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Sycamore seniors wage ‘Wii Bowling’ battle

SYCAMORE – An epic battle of “Wii Bowling” was waged Wednesday between the seniors of the Family Service Agency and Sycamore Park District personnel.

“It’s a little contest to see who is the best bowler,” said David Miller, executive director of the Family Service Agency.

The teams, which consisted of four members from each group, met in the clubhouse at the Sycamore Park District Golf Course. Spliced with the friendly ribbing and cheering from onlookers was silence as everyone watched the virtual ball roll across the television.

Interest in bowling took off after someone donated a Nintendo Wii console to one of the Family Service Agency’s senior centers, Miller said.

“We sat there going, ‘What are we going to do with this?’ ” Miller said. “But the seniors started to bowl, and it’s really caught on.”

Now, they have a bowling league that includes the five senior centers the agency runs. Miller said Wii Bowling has kept seniors active physically, mentally and socially, in addition to being a fun game to play.

“It keeps them going,” Miller said. “Our whole goal is to keep them independent as long as possible.”

Sandra Gammel, 64, was one of the bowlers representing the Family Service Agency at the friendly tournament. Unlike the others, Gammel is totally blind.

Gammel was a bowler before glaucoma took her sight in 1990. She said when she’s in front of the TV with a Wii motion controller in hand, she envisions the bowling lanes in her head.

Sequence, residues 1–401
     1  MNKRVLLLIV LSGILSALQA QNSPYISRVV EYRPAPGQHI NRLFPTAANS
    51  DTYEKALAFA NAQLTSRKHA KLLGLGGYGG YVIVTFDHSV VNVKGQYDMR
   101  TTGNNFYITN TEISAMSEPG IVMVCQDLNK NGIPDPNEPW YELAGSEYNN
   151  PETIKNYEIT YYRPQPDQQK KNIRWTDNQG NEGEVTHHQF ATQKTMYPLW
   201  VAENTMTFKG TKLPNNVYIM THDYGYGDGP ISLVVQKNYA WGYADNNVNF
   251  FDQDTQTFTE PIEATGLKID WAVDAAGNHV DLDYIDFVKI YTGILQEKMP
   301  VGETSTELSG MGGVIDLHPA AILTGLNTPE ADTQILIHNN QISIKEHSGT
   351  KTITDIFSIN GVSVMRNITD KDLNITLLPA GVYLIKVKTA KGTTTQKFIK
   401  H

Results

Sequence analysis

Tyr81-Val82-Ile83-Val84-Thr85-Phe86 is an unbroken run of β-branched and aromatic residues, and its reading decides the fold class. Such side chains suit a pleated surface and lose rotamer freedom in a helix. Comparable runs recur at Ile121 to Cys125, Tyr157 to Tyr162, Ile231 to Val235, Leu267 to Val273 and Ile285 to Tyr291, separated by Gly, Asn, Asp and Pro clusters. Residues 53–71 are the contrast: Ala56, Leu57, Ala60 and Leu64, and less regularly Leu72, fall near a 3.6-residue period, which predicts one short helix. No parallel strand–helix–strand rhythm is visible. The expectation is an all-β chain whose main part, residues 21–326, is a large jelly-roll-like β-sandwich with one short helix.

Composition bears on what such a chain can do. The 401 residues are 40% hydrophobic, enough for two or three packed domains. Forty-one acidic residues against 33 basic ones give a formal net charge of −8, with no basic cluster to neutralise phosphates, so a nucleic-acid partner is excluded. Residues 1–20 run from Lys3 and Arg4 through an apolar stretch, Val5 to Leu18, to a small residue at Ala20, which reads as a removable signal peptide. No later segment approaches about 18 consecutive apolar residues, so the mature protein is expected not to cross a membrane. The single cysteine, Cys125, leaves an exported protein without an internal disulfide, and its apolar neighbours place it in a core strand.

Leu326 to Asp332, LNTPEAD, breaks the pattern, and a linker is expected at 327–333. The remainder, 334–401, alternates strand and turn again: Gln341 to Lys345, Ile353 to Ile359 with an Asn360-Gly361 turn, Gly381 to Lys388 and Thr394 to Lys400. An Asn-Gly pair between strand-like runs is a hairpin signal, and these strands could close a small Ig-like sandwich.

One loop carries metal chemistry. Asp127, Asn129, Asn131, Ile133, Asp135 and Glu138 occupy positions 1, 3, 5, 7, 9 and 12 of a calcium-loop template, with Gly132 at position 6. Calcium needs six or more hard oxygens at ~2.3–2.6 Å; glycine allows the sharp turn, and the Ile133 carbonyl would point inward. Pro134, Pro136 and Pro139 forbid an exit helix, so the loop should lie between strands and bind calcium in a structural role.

When she’s done, the other members will tell her which pins – if any – are left standing.

“Some days, I have my days. Some days, I do better than others,” Gammel said. After scoring high on one frame, someone described Gammel’s bowling as “like clockwork.”

As the executive director of the park district, Daniel Gibble said he’s relatively new, and the tournament gave him a chance to meet the seniors who occupy the golf course’s clubhouse three days a week.

Like Miller, Gibble agreed that socialization is important not just for seniors, but people of all ages.

“I have three college-age girls now,” Miller said. “I think when growing up, it was important for them to have socialization opportunities. Just to learn how to get along together, learn how to be active, learn how to cooperate. ... For older adults, it’s an opportunity to get out of the house, to exercise, to move around, to do some sort of other activity.”

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